LA County Sheriff Cracking Down On 'Facebook Parties' - New York News

FOX 11 Investigates

LA County Sheriff Cracking Down On 'Facebook Parties'

Posted: Updated:
Los Angeles, CA -

House parties. Backyard blowouts. Huge warehouse events – all promising drugs and booze to underage kids.

Fox 11's Investigative Unit got exclusive access to hit the streets with the LA County Sheriff's Department as deputies crack down on illegal teen parties.

For more than a year we've been reporting on the teen party scene -- events promoted on Facebook that frequently spiral out of control. Drug overdoses, rapes, gang fights, even shootings have become a big part of this underground party scene. 

Now the sheriff has created an entire unit -- the first of its kind -- that monitors social media to stop these parties before they get going. This high tech unit picks up leads from publicly available information on the Internet -- Facebook, Twitter and other sites – then sends the locations of the illegal parties to deputies in the field.  

The sheriff agreed to allow us exclusive access to this remarkable team of deputies. For three nights we rode with the team. What emerged was a picture of a sophisticated, creative and deceptive network of party promoters.  

Most of the promoters are underage kids themselves who have learned they can make a lot of money throwing parties – charging admission and selling alcohol and nitrous oxide, known as "Noz." One small tank of Noz can earn a kid hundreds of dollars.  

Each night, the deputies we followed had a long list of parties -- more locations than we could possible visit. So we triaged the list, hitting the biggest, most dangerous-looking parties first. We showed up to one East LA party and the kids scattered as soon as the black-and-white units rolled up.

We could watch on our phones the tweets went out telling kids the party already had a new location. By the time we hit that address, 50 kids had shown up. More than 1,500 kids had RSVP'ed to show up at the tiny house. Deputies said it could have easily turned ugly. But they stopped it and told the homeowner and the promoter to put the word out or face the legal consequences.

And so it went night after night -- a cat-and-mouse game between party promoters and the new sheriff's team whose only real goal is to keep everyone safe. 

  • Local NewsLocal NewsMore>>

  • Belgian artist Baloji kicks off tour in New York

    Belgian artist Baloji kicks off tour in New York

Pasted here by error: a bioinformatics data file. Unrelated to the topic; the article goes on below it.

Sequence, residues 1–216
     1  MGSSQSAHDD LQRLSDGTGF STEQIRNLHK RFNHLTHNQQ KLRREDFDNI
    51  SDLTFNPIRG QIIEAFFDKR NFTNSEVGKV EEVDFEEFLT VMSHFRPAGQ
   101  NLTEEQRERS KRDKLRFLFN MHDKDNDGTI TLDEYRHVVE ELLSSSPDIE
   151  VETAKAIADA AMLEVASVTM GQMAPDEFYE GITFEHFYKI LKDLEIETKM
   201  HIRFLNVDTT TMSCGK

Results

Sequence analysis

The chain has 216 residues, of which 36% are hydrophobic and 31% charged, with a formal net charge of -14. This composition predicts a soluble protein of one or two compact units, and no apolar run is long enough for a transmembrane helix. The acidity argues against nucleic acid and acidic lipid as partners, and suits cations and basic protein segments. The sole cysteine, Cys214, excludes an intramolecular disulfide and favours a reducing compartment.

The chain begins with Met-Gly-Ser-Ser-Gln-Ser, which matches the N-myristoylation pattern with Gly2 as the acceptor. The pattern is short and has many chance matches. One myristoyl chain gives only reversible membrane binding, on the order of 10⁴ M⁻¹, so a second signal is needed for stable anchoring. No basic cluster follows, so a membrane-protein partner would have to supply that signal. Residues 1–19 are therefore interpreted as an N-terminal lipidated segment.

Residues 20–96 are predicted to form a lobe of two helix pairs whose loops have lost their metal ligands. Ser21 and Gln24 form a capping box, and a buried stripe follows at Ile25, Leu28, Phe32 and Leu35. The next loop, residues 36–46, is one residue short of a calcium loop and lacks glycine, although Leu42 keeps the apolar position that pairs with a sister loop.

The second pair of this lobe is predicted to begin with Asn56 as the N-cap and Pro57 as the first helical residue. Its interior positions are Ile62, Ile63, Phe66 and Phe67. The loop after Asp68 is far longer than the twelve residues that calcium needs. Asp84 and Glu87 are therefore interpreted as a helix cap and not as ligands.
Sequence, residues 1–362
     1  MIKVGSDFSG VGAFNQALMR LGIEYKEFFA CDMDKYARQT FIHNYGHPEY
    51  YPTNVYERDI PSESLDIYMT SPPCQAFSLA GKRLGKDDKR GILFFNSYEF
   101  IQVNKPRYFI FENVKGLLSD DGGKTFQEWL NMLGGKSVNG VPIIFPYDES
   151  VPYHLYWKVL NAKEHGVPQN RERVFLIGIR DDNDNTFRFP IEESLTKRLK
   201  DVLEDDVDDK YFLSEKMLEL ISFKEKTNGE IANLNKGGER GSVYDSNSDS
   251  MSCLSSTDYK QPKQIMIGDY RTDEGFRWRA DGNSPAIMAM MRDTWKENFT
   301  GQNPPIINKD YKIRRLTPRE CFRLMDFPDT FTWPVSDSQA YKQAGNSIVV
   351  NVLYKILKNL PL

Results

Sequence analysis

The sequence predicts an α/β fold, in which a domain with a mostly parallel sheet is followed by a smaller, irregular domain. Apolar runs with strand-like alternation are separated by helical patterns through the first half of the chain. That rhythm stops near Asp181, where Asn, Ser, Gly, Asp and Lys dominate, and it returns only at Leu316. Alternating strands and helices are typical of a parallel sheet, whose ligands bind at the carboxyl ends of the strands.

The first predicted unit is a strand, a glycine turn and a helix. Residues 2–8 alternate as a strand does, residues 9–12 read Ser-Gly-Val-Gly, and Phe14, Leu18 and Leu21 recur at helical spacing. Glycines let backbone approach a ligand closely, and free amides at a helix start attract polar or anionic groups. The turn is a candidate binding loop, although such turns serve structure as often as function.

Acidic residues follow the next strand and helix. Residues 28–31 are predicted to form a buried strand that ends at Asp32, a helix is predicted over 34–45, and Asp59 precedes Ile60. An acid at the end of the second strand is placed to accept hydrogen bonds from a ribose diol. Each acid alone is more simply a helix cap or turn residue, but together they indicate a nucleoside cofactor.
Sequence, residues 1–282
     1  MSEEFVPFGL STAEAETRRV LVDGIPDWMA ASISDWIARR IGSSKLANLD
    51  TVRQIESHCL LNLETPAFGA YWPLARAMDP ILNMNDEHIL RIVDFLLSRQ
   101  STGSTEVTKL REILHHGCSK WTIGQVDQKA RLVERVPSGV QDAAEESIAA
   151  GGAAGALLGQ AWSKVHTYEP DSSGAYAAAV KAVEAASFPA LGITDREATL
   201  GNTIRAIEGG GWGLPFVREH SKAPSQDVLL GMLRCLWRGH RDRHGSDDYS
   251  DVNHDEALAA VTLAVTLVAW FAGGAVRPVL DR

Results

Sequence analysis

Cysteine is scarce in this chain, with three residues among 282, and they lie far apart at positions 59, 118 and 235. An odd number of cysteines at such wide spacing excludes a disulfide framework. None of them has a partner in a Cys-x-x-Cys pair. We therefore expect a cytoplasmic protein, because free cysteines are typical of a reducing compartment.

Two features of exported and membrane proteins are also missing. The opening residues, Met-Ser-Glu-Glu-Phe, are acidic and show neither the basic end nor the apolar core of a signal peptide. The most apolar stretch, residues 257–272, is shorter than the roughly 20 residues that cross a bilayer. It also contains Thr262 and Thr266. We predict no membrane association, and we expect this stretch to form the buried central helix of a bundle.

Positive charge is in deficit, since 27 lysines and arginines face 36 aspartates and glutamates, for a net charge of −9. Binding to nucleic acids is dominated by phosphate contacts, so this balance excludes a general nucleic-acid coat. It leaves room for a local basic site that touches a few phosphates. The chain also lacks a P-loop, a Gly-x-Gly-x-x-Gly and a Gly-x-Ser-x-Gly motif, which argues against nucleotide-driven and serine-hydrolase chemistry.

Thursday, April 17 2014 7:35 PM EDT2014-04-17 23:35:06 GMT
    To say the 6 feet 5 inch Baloji has a presence would be an understatement. The Belgian artist commands the stage with his mix of hip hop, funk, and rap. The 34-year-old rocked out Webster Hall back in January. Now he's back in New York City kicking off a month-long tour. "It's one of the most inspiring cities on Earth so it's always great to be here," Baloji says.
    To say the 6 feet 5 inch Baloji has a presence would be an understatement. The Belgian artist commands the stage with his mix of hip hop, funk, and rap. The 34-year-old rocked out Webster Hall back in January. Now he's back in New York City kicking off a month-long tour. "It's one of the most inspiring cities on Earth so it's always great to be here," Baloji says.
  • First look at electric carriage that may replace horse buggies

    First look at electric carriage that may replace horse buggies

    Thursday, April 17 2014 7:11 PM EDT2014-04-17 23:11:02 GMT
    New York has never known a Central Park without that rhythmic click-clacking. But if Mayor Bill de Blasio gets his way, he'll put those hooves out to pasture, replacing them with a different noise-maker. Actually, excluding its horn the electric carriage makes little noise at all. It runs on lithium-ion batteries, has a variable-speed a/c motor, and is relatively silent, says Jason Wenig.
    New York has never known a Central Park without that rhythmic click-clacking. But if Mayor Bill de Blasio gets his way, he'll put those hooves out to pasture, replacing them with a different noise-maker. Actually, excluding its horn the electric carriage makes little noise at all. It runs on lithium-ion batteries, has a variable-speed a/c motor, and is relatively silent, says Jason Wenig.
  • Ex-NBA player: Re-entry tougher than serving time

    Ex-NBA player: Re-entry tougher than serving time

    Thursday, April 17 2014 6:50 PM EDT2014-04-17 22:50:46 GMT
    Jayson WilliamsJayson Williams
    Former NBA player Jayson Williams says trying to re-enter society after serving time for shooting a limousine driver was more difficult than being in prison.
    Former NBA player Jayson Williams says trying to re-enter society after serving time for shooting a limousine driver was more difficult than being in prison.
Powered by WorldNow
Didn't find what you were looking for?
All content © Copyright 2000 - 2014 Fox Television Stations, Inc. and Worldnow. All Rights Reserved.
Privacy Policy | Terms of Service | Ad Choices